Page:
While the first question allows me to look at my actions and plans for the day, the second question goes deeper. It reminds me of what I really value; it cuts right through the fog of the daily grind and gets to the heart of the matter. On one level, this question focuses on the “why?” of my work. Why does our organization exist? What are we truly trying to accomplish? This seems very simple, but the fact is, our true purpose can easily get lost. Small projects, meetings, and bureaucratic administrative activities can all take on a life of their own. When they do, they are no longer subordinate to the greater purpose of their existence. Asking what is important places our primary mission out front, where it belongs.
On another level, this question helps keep the elusive work-life balance in check. What do I truly value as a person? How does it square with my actions? There is a good chance we have all faced this at some point. It could have come in the form of marital problems, issues with our kids, or losing someone we love. These experiences have a way of jarring us out of the status quo pursuit of a task-filled day. They bring perspective to life and refocus us on what we truly value. Question two is intended, not only to help me see the “why” of my job and to align my work efforts toward it but to help me hold on to that perspective on a daily basis. It is to keep me from reaching the end of my career and looking back with regret because I focused on the wrong things.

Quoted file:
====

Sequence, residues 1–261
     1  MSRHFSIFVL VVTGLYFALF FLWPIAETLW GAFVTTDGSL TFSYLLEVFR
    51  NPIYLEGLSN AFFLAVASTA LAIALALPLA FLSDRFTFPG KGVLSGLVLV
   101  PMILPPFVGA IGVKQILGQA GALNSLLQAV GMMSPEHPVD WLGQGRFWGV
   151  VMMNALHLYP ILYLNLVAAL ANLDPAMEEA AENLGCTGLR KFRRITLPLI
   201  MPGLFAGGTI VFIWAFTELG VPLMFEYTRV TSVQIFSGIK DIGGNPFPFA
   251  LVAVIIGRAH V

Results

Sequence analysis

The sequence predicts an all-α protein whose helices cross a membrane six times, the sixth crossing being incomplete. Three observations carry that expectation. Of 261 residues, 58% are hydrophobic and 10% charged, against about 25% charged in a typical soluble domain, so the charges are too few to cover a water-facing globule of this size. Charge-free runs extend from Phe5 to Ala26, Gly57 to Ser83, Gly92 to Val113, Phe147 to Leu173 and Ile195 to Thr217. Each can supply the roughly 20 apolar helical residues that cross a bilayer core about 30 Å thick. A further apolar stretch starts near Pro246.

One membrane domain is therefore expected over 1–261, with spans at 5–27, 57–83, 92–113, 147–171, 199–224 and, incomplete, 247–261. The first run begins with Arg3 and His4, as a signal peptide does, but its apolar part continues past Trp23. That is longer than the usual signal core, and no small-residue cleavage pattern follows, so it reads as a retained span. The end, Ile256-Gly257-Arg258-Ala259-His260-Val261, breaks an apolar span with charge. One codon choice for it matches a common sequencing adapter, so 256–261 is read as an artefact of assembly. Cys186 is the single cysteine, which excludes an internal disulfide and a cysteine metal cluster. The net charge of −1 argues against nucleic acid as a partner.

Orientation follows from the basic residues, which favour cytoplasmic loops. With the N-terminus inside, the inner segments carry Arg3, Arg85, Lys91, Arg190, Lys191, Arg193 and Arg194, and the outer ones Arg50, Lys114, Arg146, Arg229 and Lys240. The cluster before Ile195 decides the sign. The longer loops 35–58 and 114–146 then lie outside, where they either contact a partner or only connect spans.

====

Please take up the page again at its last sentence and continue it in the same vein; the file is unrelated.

The second part of this question, “How can I show that through my actions today?” also ensures that I act in line with my values. Stephen Covey wrote that while urgent issues act on us, important issues “require more initiative, more proactivity.” We must intentionally seek out the important things in life. Otherwise, we will find that the urgent seizes the initiative and takes control.
And one more thing
I still carry a little folded 3×5 notecard in my pocket, filled with ‘to-dos’, and each with its own little blank square anxiously waiting to be checked off. However, when I take the time to ask myself these two questions, that notecard no longer owns me. In the same way, phone calls, emails, and the busyness of the day no longer cloud my view of what is important. I’ve reclaimed my life and can focus on what is truly important…the tasks and actions that align with my values. It was as simple as answering these two daily questions.
Lt Col Ryan Hill is a command pilot in the United States Air Force with over 2,600 hours in the A-10 and A29. He has served tours in Afghanistan on the ground and in the air. He is a graduate of the United States Air Force Academy, the US Army’s School of Advanced Military Studies, and the US Naval War College. He is currently a Military Professor in the College of Leadership and Ethics at the US Naval War College.
 Morris G. Fuller, “Making Maximum Use of L.O.M.A. Facilities,” Proceedings of the Annual Conference of Life Office Management Association, Fort Wayne, IN, 1954, 16.
 Stephen R. Covey, The Seven Habits of Highly Effective People: Restoring the Character Ethic, (New York: Fireside, 1989), 151.